Outcomes theory knowledge base (Org)

This knowledge base provides a systematic treatment of outcomes theory as applied to managing the performance of organizations, programs, policies and collaborations [Org]. This site is for those interested in theory. If you want a practical implementation of this theory that can be used to design and implement working outcomes, evaluation, monitoring and performance management systems, you should use Systematic Outcomes Analysis based on the Outcomes Is It Working Analysis (OIIWA) approach from www.oiiwa.org site. If using any ideas or material from this knowledge base please cite this reference as: Duignan, P. (2005-insert current year) Insert name of page in Outcomes Theory Knowledge Base (Organizational) [Available at www.outcomestheory.org]. Any comments on any aspect of this knowledge base appreciated, please send to paul (at) parkerduignan.com.

Seven whole-intervention high-level attribution designs (Org) [P8]

There are seven possible types of high-level outcomes attribution evaluation designs.  These are described below.  In each case, diagrams are used to illustrate the designs so as to assist cross-discipline clarity regarding what a particular type of design actually entails.  It is hoped that over time, this set of designs (amended if necessarily) can provide an exhaustive and mutually exclusive set of designs such than any evaluation can unambiguously be identified as using one or more of these designs [1]. At the moment these designs are specified using language used in evaluation and policy analysis, in future they may be specified in more generic language which includes the way in which such designs are seen in econometrics and other disciplines.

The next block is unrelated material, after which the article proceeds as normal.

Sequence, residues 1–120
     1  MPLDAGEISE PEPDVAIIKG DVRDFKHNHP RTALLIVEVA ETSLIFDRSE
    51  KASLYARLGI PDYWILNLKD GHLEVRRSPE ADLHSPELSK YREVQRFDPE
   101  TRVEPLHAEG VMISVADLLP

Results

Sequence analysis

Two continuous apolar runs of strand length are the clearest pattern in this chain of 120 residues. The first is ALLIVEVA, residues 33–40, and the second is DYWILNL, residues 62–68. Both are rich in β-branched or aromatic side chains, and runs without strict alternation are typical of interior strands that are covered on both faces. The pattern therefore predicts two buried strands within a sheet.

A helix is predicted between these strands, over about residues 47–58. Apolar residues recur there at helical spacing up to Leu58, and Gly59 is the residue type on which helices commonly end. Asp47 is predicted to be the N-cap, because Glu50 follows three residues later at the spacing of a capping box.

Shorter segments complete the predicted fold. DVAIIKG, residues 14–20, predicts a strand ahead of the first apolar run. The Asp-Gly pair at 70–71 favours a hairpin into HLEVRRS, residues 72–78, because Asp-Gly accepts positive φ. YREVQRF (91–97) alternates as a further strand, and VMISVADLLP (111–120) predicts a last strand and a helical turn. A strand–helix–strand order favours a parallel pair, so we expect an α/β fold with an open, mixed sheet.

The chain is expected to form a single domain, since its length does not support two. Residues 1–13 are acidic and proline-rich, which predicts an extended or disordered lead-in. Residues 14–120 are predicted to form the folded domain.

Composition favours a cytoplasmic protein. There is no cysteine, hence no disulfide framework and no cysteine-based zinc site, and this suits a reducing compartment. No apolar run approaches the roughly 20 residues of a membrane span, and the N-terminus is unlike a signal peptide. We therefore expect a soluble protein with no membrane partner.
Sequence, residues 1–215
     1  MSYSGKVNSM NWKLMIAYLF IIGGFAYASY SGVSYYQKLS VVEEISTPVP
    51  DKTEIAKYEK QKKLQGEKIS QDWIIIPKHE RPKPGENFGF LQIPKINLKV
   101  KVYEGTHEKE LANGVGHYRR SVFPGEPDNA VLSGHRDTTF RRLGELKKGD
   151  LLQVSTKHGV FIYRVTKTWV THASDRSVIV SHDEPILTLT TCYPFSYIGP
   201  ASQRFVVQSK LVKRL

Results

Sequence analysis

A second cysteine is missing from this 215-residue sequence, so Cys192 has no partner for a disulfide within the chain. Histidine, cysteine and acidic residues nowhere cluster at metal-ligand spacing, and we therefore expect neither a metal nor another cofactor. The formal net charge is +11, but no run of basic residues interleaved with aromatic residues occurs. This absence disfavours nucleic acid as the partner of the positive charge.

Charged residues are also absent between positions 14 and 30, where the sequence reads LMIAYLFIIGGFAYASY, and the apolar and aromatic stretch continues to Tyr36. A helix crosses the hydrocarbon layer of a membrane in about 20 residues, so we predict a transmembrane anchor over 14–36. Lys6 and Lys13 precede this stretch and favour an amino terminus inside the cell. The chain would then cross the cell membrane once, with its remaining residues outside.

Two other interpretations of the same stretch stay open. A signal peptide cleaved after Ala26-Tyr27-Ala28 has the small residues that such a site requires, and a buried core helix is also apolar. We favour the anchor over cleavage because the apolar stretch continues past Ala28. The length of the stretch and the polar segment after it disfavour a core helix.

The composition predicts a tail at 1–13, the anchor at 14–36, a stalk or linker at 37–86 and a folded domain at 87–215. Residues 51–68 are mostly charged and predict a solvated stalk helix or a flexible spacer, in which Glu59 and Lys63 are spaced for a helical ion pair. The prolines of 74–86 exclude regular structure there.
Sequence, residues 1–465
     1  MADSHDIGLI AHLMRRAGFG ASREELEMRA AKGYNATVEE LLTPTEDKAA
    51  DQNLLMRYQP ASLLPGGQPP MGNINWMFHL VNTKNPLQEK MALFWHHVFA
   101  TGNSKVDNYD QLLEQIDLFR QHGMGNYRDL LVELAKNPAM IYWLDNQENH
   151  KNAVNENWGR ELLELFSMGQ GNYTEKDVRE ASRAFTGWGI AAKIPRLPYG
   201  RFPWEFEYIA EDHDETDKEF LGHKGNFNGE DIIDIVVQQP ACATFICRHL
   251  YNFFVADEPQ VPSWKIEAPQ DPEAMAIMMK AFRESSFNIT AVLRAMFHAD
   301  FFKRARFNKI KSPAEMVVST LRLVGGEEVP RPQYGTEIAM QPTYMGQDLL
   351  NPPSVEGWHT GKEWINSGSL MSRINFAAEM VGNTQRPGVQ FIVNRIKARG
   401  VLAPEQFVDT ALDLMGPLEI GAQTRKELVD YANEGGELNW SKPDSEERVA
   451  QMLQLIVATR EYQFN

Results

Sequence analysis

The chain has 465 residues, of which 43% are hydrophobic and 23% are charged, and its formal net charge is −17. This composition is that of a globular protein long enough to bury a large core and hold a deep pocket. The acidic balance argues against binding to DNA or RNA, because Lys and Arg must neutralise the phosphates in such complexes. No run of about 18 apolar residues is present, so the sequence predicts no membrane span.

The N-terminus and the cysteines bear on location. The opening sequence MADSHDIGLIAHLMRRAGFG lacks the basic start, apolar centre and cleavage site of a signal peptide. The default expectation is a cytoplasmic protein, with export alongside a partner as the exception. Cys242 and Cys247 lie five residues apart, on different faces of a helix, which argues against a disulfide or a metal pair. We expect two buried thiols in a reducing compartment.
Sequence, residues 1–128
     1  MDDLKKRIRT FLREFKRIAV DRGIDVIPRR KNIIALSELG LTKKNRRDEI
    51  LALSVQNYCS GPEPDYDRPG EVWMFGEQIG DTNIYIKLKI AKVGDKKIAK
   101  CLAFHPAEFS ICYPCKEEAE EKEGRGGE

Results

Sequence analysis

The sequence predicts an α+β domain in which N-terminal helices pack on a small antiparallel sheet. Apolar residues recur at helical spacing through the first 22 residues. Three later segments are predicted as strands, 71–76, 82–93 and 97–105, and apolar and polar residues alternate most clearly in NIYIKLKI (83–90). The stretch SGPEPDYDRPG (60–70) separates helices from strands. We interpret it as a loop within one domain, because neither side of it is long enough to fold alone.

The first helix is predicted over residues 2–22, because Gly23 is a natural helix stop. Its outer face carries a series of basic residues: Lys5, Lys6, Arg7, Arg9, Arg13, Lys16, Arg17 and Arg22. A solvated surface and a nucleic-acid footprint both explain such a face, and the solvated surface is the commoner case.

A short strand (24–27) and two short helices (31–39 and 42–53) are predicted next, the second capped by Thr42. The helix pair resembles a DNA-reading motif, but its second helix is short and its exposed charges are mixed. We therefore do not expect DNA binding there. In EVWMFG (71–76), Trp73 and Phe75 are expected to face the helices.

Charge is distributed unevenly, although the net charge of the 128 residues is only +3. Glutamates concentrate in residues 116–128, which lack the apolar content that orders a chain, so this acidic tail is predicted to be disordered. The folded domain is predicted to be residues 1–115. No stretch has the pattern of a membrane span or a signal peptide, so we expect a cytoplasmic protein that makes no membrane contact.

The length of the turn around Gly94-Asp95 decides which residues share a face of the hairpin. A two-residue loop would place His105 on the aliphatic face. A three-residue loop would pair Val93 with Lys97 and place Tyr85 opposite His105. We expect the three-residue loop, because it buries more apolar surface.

Conventions used in high-level outcome attribution evaluation design diagrams

True experimental design

In the typical simplest case of this design, a group of units (people, schools, hospitals) is identified which is the focus of the intervention being studied.  A sample is taken from this group (if there are large numbers of the particular unit on which the intervention could be used).  The sample is randomly divided.  One half of the units have the intervention applied to them (the intervention group) and the other half do not (control group).  Changes in measurements of the high-level outcomes are compared before and after the intervention has been run.  It is presumed that any significant difference (beyond what is estimated as likely to have occurred by chance), is a result of the intervention.  This is because there is no reason to believe that the units in the intervention and the control group differed in any systematic way which could have created the difference, apart from receiving, or not receiving, the intervention.  The diagram below illustrates this.


 Regression discontinuity design

 A regression discontinuity design can be used in the case where units can be ranked in order based on measurement of a high-level outcome before any intervention takes place.  For instance, reading level for students or crime clearance rate for a police district.  A sub-set of the units below a point on the outcome measurement are then given the intervention.  After the intervention has taken place, if it is successful, there should be a clear improvement in those subject to the intervention but no similar amount of improvement amongst those units above the cut off point (which did not receive the intervention).  This design is more ethically acceptable in a case where there are limited resources for piloting an intervention because (in contrast to a true experiment) the intervention resources are being allocated to those units with the greatest need.

 The diagram below represents this design.


Time series design

A time series design uses the fact that a sufficiently long series of measures have been taken on a high-level outcome.  An intervention is then introduced (or has been introduced in a retrospective analysis) and if the intervention has had an effect, a clear shift in the level of the high-level outcome measurements should be observable at the point in time when the intervention occurred.